Eventually a vigilante group called the Regulators was formed, composed of respected citizens and led by one John Campbell.  Charles Latimer and two other lawyers were members of this group.  The regulators took the law into their own hands, horsewhipping those found engaged in horse stealing and other crimes. Eventually they confronted the Driscoll’s who were ordered to leave the country.  Rather than capitulating, the Driscoll’s called a meeting of the syndicate and David and Taylor Driscoll were given the task of assassinating Campbell.  On Sunday June 27, 1841, after he and his family returned from church late in the day, Campbell was shot through the heart by David Driscoll who had hidden in the brush nearby.  Campbell’s wife recognized the fleeing assassins.  After Campbell’s funeral the men of Rockford, roused to murderous wrath, took up their guns and rode to avenge Campbell’s death.  They caught John and William Driscoll, but not David or Taylor.  With hundreds of locals of all professions present, including ministers, lawyers, sheriffs, and justices of the peace an impromptu “trial” was held in at a place called Washington Grove.  Several lawyers spoke for the Driscoll’s and Charles Latimer spoke “for the people.” In the history of Ogle County Illinois his speech is detailed:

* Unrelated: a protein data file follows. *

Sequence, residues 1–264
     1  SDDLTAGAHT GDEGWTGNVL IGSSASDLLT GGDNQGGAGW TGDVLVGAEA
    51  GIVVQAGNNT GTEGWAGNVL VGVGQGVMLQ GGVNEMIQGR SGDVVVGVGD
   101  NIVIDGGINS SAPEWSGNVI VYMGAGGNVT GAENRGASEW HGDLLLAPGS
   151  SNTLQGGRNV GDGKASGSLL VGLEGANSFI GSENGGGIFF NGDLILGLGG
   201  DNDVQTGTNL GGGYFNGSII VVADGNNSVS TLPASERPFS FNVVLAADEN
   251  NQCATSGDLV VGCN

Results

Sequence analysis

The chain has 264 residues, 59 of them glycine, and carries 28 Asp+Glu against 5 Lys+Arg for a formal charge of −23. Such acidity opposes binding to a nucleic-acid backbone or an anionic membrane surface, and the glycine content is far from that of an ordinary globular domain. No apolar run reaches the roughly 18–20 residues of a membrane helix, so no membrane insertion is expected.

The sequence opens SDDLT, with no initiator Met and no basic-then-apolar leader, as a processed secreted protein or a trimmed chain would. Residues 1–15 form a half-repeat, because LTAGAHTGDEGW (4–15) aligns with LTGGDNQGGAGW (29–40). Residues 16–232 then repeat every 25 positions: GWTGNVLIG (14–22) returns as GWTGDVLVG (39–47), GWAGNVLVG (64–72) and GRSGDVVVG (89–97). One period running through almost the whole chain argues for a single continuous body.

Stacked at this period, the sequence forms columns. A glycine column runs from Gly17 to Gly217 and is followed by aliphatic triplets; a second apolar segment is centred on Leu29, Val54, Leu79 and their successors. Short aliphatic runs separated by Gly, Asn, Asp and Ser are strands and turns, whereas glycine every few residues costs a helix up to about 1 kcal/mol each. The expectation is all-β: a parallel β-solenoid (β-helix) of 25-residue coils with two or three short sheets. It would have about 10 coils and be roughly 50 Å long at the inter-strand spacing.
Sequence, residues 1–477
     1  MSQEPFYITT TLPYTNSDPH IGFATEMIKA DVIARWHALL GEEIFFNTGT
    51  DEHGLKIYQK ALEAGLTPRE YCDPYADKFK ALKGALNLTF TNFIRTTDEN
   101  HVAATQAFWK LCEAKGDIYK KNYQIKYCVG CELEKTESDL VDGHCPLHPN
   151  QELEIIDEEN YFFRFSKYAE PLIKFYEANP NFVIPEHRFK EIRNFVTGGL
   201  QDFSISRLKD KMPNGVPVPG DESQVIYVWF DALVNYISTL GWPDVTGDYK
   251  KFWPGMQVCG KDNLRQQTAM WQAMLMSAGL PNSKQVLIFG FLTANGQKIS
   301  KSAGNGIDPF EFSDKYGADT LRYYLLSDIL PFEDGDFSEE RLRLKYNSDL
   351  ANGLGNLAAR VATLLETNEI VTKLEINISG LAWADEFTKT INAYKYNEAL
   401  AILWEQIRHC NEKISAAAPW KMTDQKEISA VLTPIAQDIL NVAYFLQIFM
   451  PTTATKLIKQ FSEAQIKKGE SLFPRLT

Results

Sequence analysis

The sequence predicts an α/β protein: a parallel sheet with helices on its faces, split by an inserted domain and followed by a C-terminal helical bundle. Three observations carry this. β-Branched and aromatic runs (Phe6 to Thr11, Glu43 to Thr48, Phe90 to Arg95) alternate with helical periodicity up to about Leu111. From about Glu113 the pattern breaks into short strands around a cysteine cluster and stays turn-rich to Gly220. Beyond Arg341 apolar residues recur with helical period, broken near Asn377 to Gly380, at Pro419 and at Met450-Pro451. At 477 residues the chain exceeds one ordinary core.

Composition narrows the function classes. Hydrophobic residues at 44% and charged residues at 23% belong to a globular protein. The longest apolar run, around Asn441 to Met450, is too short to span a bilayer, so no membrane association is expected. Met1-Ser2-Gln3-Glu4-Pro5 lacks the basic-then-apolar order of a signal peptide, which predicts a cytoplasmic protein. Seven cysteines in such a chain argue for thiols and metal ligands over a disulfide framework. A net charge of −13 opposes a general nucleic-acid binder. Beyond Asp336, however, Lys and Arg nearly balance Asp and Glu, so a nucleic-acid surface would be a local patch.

“Latimer, for the people, made a vehement address, saying that nothing but blood would palliate the crimes that had been committed, that as long as the gang of outlaws were permitted to remain on the earth, no community would be safe from their depredations and crimes. The Driscoll's if not the head centres and authors and instigators of the untold robberies and murders that had been committed in the country, were at least accomplices, and had shared in the plunder. He maintained that the people were justified in taking the course they had, that their safety demanded it, that the murder of Campbell must be avenged, and that if the actual murderers could not be found, those who planned the foul deed must suffer in their stead, and concluded by urging the immediate execution of John Driscoll and his son William.  These arguments had the effect of stilling the clamors of those were called the "weak-kneed", and to dispel from the minds of the prisoners all hopes of a stay of proceedings.